Tuesday, September 14, 2021

Arrivederci New England

We are under way westbound between Rhode Island Sound and Block Island Sound, with the great State of Rhode Island receding behind us. We are bound for Long Island Sound and will be anchored at day's end in New York waters, bringing to a close our two month cruise of New England. It is an eight hour passage, affording me ample time to catch up on the blog.

Headed out of Narragansett Bay. Jamestown at left; you can just see the top of Pell Bridge behind.

We had such a good push on our transit of the Cape Cod Canal last weekend that we ran straight past Onset and all the way to Mattapoisett harbor, where we dropped the hook in our usual spot (map) after checking in with the harbormaster by radio. We knew we'd be pinned down for two nights wherever we went, and, while Onset would have offered more services, we wanted to make the extra miles while we still could.

We splashed the tender, tied up at the town dock, and walked the three long blocks to Nick's Homemade Pizza House. The pizza was excellent and the draft beer was inexpensive, so we were glad we made the trek. We were the only patrons dining on the covered outside patio for most of our meal.

Century-old Clingstone Mansion, on a rock off Conanicut Island.

As predicted, outside conditions had us in the harbor all day Monday, and I got a few things done around the boat. It was drizzly all day, foiling my plans to go ashore and walk around some. We had a gap at dinner time, but absolutely everything in town is dark on Mondays, so we had a nice dinner aboard instead.

Sunset over Battleship Cove, USS Massachusetts, and the Braga Bridge

Tuesday we had another brief window for westing, and while it was a bit of a rough ride as Buzzards Bay yielded to Rhode Island Sound, we gritted our teeth until we made the starboard turn into the relative calm of the Sakonnet River. Winds and seas out of the south meant running upriver until we could tuck in behind Fogland Point, where we dropped the hook in calm water (map). The winds rushed right over the point, and the harbor filled with windsurfers in the morning.

Wednesday we weighed anchor with the tide and rode the flood all the way to Fall River, Massachusetts, on the Taunton River, where we had previously planned to ride out the long-distance remnants of Hurricane Larry. Knowing that Borden Flats would be too rough, I was hoping we could squeeze in to anchor in Battleship Cove, or, if not, pick up a town mooring there.

The old armory, Fall River.

We found there to be insufficient room in the cove between the last moorings and the nearby dock for the scope we needed in the 20-knot winds. Due to some political drama in the harbormaster department, it was impossible to reach anyone for a mooring, and so we left the cove and continued upriver through two more bridges to drop the hook in Breeds Cove (map), on the other side of the river in Somerset, Massachusetts.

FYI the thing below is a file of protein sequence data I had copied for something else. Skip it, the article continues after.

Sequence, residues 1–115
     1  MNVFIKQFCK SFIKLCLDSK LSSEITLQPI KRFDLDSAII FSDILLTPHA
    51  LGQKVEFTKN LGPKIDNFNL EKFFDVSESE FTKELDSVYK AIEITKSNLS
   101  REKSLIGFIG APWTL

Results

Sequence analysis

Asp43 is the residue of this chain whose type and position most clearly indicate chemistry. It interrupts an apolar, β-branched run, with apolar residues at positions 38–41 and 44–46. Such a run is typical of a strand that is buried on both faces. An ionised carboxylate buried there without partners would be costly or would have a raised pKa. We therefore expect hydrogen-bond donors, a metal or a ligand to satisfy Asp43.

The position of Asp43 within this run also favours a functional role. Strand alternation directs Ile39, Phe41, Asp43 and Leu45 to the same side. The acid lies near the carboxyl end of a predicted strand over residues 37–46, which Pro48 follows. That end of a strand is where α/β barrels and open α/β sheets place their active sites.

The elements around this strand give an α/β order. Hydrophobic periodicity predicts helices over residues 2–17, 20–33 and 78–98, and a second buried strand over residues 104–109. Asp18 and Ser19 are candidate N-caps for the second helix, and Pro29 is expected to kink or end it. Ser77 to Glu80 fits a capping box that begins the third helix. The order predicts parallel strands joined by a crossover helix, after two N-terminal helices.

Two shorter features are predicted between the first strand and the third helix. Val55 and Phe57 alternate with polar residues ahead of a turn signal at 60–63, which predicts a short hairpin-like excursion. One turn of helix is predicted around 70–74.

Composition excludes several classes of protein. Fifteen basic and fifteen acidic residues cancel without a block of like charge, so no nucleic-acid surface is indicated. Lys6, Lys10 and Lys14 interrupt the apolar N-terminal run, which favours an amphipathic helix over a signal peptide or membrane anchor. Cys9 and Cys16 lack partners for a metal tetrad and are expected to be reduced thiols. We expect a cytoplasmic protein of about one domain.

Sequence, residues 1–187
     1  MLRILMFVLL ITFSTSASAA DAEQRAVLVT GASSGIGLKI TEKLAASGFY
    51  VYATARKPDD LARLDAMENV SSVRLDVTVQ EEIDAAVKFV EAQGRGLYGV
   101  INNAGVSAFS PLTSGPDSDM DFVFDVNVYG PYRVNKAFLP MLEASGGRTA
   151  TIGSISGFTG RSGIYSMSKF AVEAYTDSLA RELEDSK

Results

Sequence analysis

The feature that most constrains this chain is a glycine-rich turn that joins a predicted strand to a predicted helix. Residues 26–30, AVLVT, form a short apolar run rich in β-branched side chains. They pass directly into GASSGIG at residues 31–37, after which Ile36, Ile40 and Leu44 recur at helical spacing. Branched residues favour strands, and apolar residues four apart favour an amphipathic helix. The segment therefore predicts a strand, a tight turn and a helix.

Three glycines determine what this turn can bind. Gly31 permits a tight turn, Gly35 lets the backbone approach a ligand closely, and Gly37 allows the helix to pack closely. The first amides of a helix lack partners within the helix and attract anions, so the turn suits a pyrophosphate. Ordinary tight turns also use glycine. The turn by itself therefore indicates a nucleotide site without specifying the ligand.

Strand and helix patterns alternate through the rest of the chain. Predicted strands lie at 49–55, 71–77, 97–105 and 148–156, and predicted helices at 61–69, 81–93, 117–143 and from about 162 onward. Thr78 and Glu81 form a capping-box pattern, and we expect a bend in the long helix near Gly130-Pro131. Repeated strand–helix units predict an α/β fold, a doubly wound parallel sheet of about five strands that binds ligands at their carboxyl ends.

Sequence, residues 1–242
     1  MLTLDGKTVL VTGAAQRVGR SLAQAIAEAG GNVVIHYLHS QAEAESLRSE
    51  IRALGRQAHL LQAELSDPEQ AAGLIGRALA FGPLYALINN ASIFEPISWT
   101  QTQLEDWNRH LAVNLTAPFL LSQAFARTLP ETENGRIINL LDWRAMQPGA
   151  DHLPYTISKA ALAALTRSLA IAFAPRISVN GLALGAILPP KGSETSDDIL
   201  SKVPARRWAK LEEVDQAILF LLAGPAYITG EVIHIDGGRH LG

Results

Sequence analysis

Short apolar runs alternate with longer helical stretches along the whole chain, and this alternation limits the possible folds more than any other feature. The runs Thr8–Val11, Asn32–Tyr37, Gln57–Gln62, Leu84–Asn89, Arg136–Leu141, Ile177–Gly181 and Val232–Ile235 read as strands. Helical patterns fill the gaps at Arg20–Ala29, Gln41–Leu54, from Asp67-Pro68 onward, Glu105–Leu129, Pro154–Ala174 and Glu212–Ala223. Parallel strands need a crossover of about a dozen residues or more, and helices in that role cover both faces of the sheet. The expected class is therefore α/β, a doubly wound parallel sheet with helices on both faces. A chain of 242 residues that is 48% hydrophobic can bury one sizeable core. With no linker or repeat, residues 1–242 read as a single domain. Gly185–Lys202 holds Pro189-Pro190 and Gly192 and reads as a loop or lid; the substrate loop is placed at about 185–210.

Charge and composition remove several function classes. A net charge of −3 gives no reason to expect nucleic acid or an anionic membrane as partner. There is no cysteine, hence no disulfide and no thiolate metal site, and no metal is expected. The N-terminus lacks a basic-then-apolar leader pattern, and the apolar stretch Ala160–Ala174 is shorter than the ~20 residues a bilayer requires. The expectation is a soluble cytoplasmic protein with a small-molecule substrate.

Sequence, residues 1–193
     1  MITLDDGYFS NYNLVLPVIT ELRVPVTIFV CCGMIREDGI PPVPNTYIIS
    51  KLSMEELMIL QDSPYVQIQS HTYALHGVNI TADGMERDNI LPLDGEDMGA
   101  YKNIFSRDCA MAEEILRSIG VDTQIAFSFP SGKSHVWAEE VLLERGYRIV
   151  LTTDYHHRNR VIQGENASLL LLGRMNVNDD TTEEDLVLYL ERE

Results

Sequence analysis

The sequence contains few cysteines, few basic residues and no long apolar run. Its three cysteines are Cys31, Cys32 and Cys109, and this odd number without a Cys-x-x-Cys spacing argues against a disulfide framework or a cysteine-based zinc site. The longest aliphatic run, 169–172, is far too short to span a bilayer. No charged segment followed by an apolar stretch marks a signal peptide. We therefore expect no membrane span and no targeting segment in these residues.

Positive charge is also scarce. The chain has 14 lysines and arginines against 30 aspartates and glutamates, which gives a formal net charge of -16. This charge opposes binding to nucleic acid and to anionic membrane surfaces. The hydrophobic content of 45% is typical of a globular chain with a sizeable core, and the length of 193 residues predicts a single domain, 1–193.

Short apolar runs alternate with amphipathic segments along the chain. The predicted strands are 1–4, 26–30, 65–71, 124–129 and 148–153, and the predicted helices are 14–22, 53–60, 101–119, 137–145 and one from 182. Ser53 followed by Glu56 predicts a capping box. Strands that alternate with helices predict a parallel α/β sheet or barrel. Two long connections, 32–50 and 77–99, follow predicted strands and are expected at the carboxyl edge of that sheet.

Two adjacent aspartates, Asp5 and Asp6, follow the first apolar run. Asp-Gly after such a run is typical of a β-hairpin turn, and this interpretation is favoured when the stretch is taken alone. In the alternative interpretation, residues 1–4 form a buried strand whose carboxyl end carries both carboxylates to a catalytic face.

Sunset over the Braga Bridge from The Cove restaurant.

While that made for a mile-and-a-half tender ride back to town, it was otherwise a perfect anchorage, very calm even in the high winds, with good holding well off-channel. It was quiet, even being so close to a major bridge. From the boat we could see a nice patio eatery in Somerset, but with no way to land the tender on that side, we bashed our way back to the Cove restaurant in Fall River, which has a courtesy dock. Dinner on the deck was a wind-swept affair, but at least it was warm, and we really wanted to get off the boat.

Thursday, as anticipated, the remnants of Larry had us pinned on the boat all day. We succumbed to pandemic acedia and mostly did nothing all day, but we had a nice dinner aboard and looked forward to a more pleasant Friday. And pleasant it was; I tendered ashore to the dinghy landing at Battleship Cove just after lunch and walked all over town, since we never left the marina on our previous visit here.

The old Congregational Church, which the infamous Lizzie Borden attended. The cloister was briefly a restaurant and is now an event venue.

Fall River is a town frozen in time, sometime early in the 20th century. Its industry now mostly silent, most of the buildings nevertheless still stand. The downtown sports a handful of restaurants and a few shops. I dropped a couple of packages at the post office, also frozen in time, and then hoofed it across town to the grocery store to top up our provisions.

Fall River public library, inscribed "The People's University."

In the afternoon we tendered a little over two miles down to Borden Light Marina, where we had stayed in 2015, to meet up with our Bostonian friends Erin and Chris aboard their lovely Selene, Barefeet. It was wonderful to see them and catch up; they had literally been the last people we hugged before the pandemic put a damper on things, as we crossed paths in the Bahamas. They drove us over to the Tipsy Toboggan for dinner on the patio (not to be confused with the Tipsy Seagull, right in the marina, where we ate last time). A final cocktail aboard Barefeet finished off a very pleasant evening.